ICIC Study: EB5 Program is Underutilized Tool of Urban Redevelopment24 Jul 2014
Many of America’s oldest cities share a common trait: an urban core that’s wasting away, even while surrounding suburbs and exurbs continue to grow. Instead of crying over spilled milk – the decades of planning decisions that privileged private cars over public transit, that encouraged flight to the suburbs, and so on – the most forward-looking and pragmatic cities are seeking to undo the damage by attracting more people and more investment to their blighted centers.
In recent years, mayors of New York, Baltimore, and Detroit – among other cities – have openly embraced immigration as a way to repopulate failing neighborhoods and revitalize local economies. The federal EB5 visa is one of several federal programs that help harness the power of immigration for this task, directing foreign investment and entrepreneurial talent to areas with high poverty and unemployment, by providing lawful permanent residence – green card status – to foreign nationals who invest capital in a U.S. business, and thereby produce jobs for U.S. workers. Nonetheless, a new study from the Initiative for a Competitive Inner City (ICIC) finds that the EB5 program remains underutilized, and could be used far more effectively as a tool of urban redevelopment. [See Increasing Economic Opportunity in Distressed Urban Communities with EB5, by Kim Zeuli and Brian Hull, Initiative for a Competitive Inner City, Jun.2014.]
It’s not that the program isn’t successful. According to ICIC, there are currently about 440 EB5 regional centers in the United States, and no lack of interest in creating new ones: the government received over 6,300 EB5 applications last year. The economic impact is significant as well. Citing a recent Brookings Institution study, ICIC notes that, “[S]ince 1990 the EB5 program has captured approximately $5 billion in direct investments and created over 85,000 full-time jobs.”
Impressive numbers, yes, but still not commensurate with the EB5 program’s potential impact, ICIC argues, because too many stakeholders, public and private, simply overlook the program, due to its relative obscurity and Byzantine complexity. Those who know about the program may be put off, ICIC says, by the prospect of dealing with government bureaucracy, and by the program’s “negative reputation, due to a few high-profile cases of fraud.”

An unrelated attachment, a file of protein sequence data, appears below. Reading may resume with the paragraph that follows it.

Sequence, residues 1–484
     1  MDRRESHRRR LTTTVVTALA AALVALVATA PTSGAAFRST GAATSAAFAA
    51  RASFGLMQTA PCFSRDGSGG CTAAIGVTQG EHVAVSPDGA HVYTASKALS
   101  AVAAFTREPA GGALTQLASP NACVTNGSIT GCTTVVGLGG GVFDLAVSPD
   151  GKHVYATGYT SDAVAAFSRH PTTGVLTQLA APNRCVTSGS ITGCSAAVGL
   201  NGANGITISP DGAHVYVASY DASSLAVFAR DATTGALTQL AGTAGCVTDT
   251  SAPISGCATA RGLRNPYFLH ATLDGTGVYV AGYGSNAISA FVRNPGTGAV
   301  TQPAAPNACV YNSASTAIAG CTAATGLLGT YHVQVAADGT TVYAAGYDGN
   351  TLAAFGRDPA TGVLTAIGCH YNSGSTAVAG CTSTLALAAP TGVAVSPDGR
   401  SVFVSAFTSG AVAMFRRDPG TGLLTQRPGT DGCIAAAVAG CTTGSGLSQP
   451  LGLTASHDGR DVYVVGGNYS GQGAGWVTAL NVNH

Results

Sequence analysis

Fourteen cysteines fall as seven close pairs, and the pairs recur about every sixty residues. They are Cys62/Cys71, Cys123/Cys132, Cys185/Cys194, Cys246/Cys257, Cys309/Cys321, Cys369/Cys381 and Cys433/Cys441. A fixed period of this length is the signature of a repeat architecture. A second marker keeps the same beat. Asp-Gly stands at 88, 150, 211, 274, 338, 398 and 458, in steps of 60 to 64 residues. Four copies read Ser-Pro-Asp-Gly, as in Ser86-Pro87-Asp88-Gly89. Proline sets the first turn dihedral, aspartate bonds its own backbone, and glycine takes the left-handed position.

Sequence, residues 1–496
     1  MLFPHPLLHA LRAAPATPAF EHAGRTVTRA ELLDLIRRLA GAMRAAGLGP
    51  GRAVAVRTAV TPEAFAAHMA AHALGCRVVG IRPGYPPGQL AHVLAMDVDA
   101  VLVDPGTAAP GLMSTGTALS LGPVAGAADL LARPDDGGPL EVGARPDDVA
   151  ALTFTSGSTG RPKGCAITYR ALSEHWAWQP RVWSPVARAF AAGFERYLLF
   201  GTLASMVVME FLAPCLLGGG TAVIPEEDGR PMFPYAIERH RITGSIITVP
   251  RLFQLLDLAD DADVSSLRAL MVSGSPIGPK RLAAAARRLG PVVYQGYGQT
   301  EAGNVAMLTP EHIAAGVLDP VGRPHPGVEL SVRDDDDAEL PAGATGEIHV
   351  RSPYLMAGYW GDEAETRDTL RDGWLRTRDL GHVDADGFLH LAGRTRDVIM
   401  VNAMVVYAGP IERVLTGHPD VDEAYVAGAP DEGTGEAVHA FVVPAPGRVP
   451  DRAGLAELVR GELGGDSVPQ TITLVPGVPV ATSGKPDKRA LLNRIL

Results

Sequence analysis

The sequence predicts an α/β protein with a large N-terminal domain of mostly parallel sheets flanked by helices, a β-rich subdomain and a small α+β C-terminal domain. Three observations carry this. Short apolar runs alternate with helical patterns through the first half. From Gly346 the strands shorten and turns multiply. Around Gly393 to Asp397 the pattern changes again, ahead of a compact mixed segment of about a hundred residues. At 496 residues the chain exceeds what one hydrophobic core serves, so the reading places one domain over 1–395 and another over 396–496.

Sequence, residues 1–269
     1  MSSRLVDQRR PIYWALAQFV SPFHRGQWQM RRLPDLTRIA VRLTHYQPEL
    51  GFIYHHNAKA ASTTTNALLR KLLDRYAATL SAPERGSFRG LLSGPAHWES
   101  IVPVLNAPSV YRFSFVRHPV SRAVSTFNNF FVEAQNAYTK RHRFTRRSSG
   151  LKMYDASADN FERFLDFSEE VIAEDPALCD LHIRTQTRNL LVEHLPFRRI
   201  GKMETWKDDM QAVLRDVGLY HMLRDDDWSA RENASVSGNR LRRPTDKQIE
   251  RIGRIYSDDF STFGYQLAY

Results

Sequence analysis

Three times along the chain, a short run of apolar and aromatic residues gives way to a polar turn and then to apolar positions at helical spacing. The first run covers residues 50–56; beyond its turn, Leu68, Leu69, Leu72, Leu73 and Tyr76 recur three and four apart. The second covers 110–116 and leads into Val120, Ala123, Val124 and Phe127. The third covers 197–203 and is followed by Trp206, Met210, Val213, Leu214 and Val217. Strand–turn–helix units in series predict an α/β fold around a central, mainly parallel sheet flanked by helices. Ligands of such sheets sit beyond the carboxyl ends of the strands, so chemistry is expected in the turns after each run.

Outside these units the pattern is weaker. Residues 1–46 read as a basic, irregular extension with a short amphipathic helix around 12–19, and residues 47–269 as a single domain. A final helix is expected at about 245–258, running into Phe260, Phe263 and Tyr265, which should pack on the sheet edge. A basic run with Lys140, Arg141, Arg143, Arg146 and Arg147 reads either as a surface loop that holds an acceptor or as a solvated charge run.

What to do? The ICIC study recommends three key steps to improve the market penetration of EB5 program, nationwide:
- Develop an educational campaign on using EB5 as a tool for impact investing. For the EB5 to reach its full potential, city and regional planning authorities – and local foundations – need to better understand the nuts and bolts of the program, as well as the benefits it can bring to distressed communities.
- Build a nexus of EB5 experts. Due to the complexity of the program, local economic development agencies need expert guidance to navigate the application and implementation process, until they have sufficient familiarity to run things on their own. ICIC calls for a capacity-building program that would deploy EB5 experts to inner cities to train a new corps of local EB5 professionals.
- Identify and invest in EB5 projects to maximize impact. ICIC calls on local foundations and community organizations to identify and coordinate potential EB5 investment projects, and underwrite them with low-cost loans and subordinated equity funding, to make them more attractive to foreign investors.
Policy wonks of every political stripe have been converging on this notion for some time now: that immigrants built these cities in the first place, and could once again play a role in revitalizing the urban areas that most Americans call home. One hopes the ICIC study will spur state and local stakeholders to make better use of the EB5 program, as a vital tool of urban revitalization, and in the process, remind us all of the benefits of continuing to be a nation of immigrants.
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